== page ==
Abstract: Social capital is an important factor explaining differences in economic growth among regions. However, the key distinction between bonding social capital, which can lead to lock-in and myopia, and bridging social capital, which promotes knowledge flows across diverse groups, has been overlooked in growth research. In this paper, we address this shortcoming by examining how bonding and bridging social capital affect regional economic growth, using data for 190 regions in 21 EU countries, covering eight waves of the European Social Survey between 2002 and 2016. The findings confirm that bridging social capital is linked to higher levels of regional economic growth. Bonding social capital is highly correlated with bridging social capital and associated with lower growth when this is controlled for. We do not find significantly different effects of bonding social capital in regions with more or less bridging social capital, or vice versa. We examine the interaction between social and human capital, finding that bridging social capital is fundamental for stimulating economic growth, especially in low-skilled regions. Human capital also moderates the relationship between bonding social capital and growth, reducing the negative externalities imposed by excessive bonding.
    Keywords: social capital, bonding, bridging, regions, economic growth, EU
    Date: 2021–02
  4. By: Augusto Cerqua (Department of Social Sciences and Economics, Sapienza University of Rome); Roberta Di Stefano (Department of Methods and Models for Economics, Territory and Finance, Sapienza University of Rome); Guido Pellegrini (Department of Social Sciences and Economics, Sapienza University of Rome)
    Abstract: What is the economic impact of joining a currency union? Is this impact heterogeneous across regions? And how does it change in case of a recession? We answer these questions by investigating the economic impact of joining the euro area for the latecomers, i.e., the countries that adopted the euro after 2002. Di erently from previous literature, we use NUTS-2 regions as units of analysis. This novelty allows us to investigate the theoretical predictions of a currency union impact at a more appropriate geographi- cal level. Using a counterfactual approach based on the recently developed kernel balancing estimator, we estimate the overall as well as the disaggre- gated impact of joining the euro area. We find that the adoption of the euro brought about a small positive e ect, which was, however, dampened by the Great Recession. Individual regional estimates suggest heterogeneous returns with benefits accruing mostly to core regions.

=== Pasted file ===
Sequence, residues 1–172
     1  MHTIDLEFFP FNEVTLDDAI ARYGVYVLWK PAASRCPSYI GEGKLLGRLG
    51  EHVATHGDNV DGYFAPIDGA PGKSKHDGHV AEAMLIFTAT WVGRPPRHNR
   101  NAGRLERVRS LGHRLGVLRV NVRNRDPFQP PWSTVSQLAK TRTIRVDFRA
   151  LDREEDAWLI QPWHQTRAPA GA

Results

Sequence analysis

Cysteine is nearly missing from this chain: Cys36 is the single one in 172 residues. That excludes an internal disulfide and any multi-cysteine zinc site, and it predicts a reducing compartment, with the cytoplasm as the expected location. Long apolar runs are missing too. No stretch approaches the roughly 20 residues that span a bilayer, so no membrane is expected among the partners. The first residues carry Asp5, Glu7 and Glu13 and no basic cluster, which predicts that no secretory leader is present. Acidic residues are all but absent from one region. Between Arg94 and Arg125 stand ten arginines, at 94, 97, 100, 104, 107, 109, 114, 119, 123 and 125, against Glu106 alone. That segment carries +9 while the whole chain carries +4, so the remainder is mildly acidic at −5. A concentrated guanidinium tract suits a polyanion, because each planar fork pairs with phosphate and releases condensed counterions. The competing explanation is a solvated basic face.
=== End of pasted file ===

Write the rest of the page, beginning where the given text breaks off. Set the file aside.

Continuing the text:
Keywords: euro area, accession countries, regional data, kernel balancing estimator
    JEL: C23 F33 R11
    Date: 2021–02
  5. By: Andres Rodriguez-Pose; Roberto Ganau;
    Abstract: Europe has witnessed a considerable labour productivity slowdown in recent decades. Many potential explanations have been proposed to address this productivity ‘puzzle’. However, how the quality of local institutions influences labour productivity has been overlooked by the literature. This paper addresses this gap by evaluating how institutional quality affects labour productivity growth and, particularly, its determinants at the regional level during the period 2003-2015. The results indicate that institutional quality influences regions’ labour productivity growth both directly —as improvements in institutional quality drive productivity growth— and indirectly —as the short- and long-run returns of human capital and innovation on labour productivity growth are affected by regional variations in institutional quality.
    Keywords: Labour productivity; institutional quality; physical capital; human capital; innovation; regions; Europe
    JEL: E24 J24 O47 R11
    Date: 2021–02
  6. By: Gibbons, Stephen; Overman, Henry G.; Sarvimäki, Matti